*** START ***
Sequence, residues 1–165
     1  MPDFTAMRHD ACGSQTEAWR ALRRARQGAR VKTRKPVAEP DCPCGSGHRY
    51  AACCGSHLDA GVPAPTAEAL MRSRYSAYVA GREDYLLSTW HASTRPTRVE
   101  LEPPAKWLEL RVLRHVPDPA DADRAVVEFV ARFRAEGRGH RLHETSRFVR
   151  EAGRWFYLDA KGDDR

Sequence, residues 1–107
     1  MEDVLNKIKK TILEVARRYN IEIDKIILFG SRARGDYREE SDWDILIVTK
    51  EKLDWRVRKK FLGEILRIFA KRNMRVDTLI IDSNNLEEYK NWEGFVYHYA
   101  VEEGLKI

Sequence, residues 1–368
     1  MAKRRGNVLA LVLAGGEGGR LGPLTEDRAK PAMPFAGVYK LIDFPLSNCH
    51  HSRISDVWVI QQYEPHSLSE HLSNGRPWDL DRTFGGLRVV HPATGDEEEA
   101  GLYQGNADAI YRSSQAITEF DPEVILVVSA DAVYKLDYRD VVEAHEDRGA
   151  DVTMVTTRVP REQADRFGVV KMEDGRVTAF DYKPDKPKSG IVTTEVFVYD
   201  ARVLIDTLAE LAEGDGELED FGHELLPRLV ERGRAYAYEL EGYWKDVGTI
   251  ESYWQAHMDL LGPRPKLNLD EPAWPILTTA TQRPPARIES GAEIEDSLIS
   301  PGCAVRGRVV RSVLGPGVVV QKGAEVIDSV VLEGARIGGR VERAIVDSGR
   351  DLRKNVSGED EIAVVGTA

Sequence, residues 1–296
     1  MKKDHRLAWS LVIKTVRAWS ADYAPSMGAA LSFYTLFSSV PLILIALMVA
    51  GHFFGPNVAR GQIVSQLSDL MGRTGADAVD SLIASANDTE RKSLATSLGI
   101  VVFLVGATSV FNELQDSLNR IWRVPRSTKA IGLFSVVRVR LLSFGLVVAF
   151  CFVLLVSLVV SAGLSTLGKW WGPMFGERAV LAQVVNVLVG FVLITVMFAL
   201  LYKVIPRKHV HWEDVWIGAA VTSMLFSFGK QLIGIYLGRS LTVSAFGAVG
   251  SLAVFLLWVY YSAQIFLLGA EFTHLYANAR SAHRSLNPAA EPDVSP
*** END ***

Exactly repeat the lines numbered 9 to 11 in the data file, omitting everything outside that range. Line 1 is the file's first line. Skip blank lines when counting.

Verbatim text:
   101  VEEGLKI

Sequence, residues 1–368
     1  MAKRRGNVLA LVLAGGEGGR LGPLTEDRAK PAMPFAGVYK LIDFPLSNCH